Subscribe Now Subscribe Today
Science Alert
Curve Top
Pakistan Journal of Biological Sciences
  Year: 2015 | Volume: 18 | Issue: 4 | Page No.: 185-190
DOI: 10.3923/pjbs.2015.185.190
Facebook Twitter Digg Reddit Linkedin StumbleUpon E-mail

Sugarcane White Leaf Disease Incidences and Population Dynamic of Leafhopper Insect Vectors in Sugarcane Plantations in Northeast Thailand

Chiranan Rattanabunta and Yupa Hanboonsong

The work consisted of two experiments, i.e. Experiment 1 was conducted under controlled environments where sugarcane plants were used as hosts. This investigation aimed to monitor the occurrence of the Sugarcane White Leaf disease and the abundance of Leafhopper insect vectors and also the work aimed to provide useful information in understanding some aspects on epidemiology of the Sugarcane White Leaf disease. A Completely Randomized Design with three replications was used to justify growth and development of Leafhopper insects as affected by different temperatures: 20 (T1), 25 (T2), 30 (T3) and 35°C (T4). Experiment 2 was carried out to determine the numbers of Leafhopper insects with the use of light traps in the sugarcane Field 1 (ratoon plants), Field 2 (newly planted), Field 3 (newly planted) and Field 4 (ratoon plants). The results of Experiment 1 showed that growth and development of Leafhopper insects were highly affected by temperatures i.e. the higher the environmental temperature the faster the growth and development of the insects to reach its full adulthood. At 20°C, Leafhopper insects took 12 days to lay eggs whereas at 25°C the insects took only 6 days. Male reached its adulthood approximately 9 days earlier than female when cultured at 25°C and became approximately one week at 30°C or higher. The results of Experiment 2 showed that the majority of Leafhopper insects were found within the months of June and July for both newly planted and ratoon crops. A small amount was found in May and August with an exceptional case of Field 4 where the highest number of Leafhopper insects was found in April followed by June and July. For Sugarcane White Leaf disease, the disease was found in all months of the year except February for Fields 2 and 3. Newly planted sugarcane plants attained much smaller percentages of disease than those of the ratoon plants.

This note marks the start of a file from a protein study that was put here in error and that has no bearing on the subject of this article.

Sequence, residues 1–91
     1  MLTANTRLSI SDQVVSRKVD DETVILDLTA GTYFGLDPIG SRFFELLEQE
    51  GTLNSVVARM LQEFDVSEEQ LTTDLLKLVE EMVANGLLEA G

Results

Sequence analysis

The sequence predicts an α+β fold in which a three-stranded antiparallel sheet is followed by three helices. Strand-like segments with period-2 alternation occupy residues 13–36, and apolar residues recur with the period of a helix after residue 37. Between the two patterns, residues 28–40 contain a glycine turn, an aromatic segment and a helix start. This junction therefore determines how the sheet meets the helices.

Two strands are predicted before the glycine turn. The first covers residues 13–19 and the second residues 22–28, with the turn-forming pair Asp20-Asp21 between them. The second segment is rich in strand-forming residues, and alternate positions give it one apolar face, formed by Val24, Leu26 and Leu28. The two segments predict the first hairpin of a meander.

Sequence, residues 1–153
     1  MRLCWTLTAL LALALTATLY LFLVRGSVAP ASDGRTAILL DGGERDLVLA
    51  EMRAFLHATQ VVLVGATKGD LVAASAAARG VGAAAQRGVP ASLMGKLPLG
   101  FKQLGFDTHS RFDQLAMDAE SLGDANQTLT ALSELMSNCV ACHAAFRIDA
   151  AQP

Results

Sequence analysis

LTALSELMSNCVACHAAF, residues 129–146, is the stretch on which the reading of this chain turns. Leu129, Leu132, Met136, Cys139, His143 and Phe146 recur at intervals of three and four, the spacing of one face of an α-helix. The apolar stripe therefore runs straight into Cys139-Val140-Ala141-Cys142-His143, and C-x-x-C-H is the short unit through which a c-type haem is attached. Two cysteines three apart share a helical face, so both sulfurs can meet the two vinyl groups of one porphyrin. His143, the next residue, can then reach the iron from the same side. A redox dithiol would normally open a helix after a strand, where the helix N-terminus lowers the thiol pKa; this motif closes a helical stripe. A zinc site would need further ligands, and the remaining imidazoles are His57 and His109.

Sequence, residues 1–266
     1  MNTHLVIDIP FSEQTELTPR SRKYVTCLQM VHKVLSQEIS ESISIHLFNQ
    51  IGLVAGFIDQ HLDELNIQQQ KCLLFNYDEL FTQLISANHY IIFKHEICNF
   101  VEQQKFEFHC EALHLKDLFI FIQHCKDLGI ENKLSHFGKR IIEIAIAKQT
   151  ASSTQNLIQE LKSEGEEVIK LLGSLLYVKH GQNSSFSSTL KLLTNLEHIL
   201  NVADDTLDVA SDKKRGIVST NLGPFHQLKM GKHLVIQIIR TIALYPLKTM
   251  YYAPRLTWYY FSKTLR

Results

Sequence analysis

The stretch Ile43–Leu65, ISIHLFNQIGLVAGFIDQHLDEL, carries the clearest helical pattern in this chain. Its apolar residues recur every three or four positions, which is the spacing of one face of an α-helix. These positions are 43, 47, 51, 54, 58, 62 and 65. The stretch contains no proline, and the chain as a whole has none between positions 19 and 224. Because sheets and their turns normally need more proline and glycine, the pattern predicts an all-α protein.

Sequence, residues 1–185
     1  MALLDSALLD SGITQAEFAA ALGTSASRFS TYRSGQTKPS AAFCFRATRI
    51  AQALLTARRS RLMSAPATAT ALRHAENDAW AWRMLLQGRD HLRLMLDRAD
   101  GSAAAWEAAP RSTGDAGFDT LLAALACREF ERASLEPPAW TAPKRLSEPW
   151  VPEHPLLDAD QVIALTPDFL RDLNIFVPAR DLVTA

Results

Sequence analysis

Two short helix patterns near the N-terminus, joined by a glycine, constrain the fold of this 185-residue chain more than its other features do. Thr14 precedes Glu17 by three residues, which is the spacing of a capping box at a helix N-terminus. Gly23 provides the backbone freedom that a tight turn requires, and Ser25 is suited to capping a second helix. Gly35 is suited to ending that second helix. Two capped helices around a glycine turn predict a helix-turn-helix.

PDF Fulltext XML References Citation Report Citation
  •    An investigation on Different Harvesting Methods on Young Pods of KKU # 922 Maize (Zea mays L.) Cultivar for Baby Corn Production
  •    Effects of Dolomite on Growth and Seed Yields of Soybeans (Glycine max L.) Grown on Oxic Paleustult Soil in Northeast Thailand
  •    Rainy Season Soybean (Glycine max L.) as Influenced by Nitrogen and Potassium Fertilisers Grown on Oxic Paleustults Soil in Northeast Thailand
  •    Effect of Earthworm Activities (Pheretema sp.) on the Changes in Soil Chemical Properties at Different Soil Depths of Nampong Soil Series (Ustoxic Quartzipsamment) in Northeast Thailand
How to cite this article:

Chiranan Rattanabunta and Yupa Hanboonsong, 2015. Sugarcane White Leaf Disease Incidences and Population Dynamic of Leafhopper Insect Vectors in Sugarcane Plantations in Northeast Thailand. Pakistan Journal of Biological Sciences, 18: 185-190.

DOI: 10.3923/pjbs.2015.185.190






Curve Bottom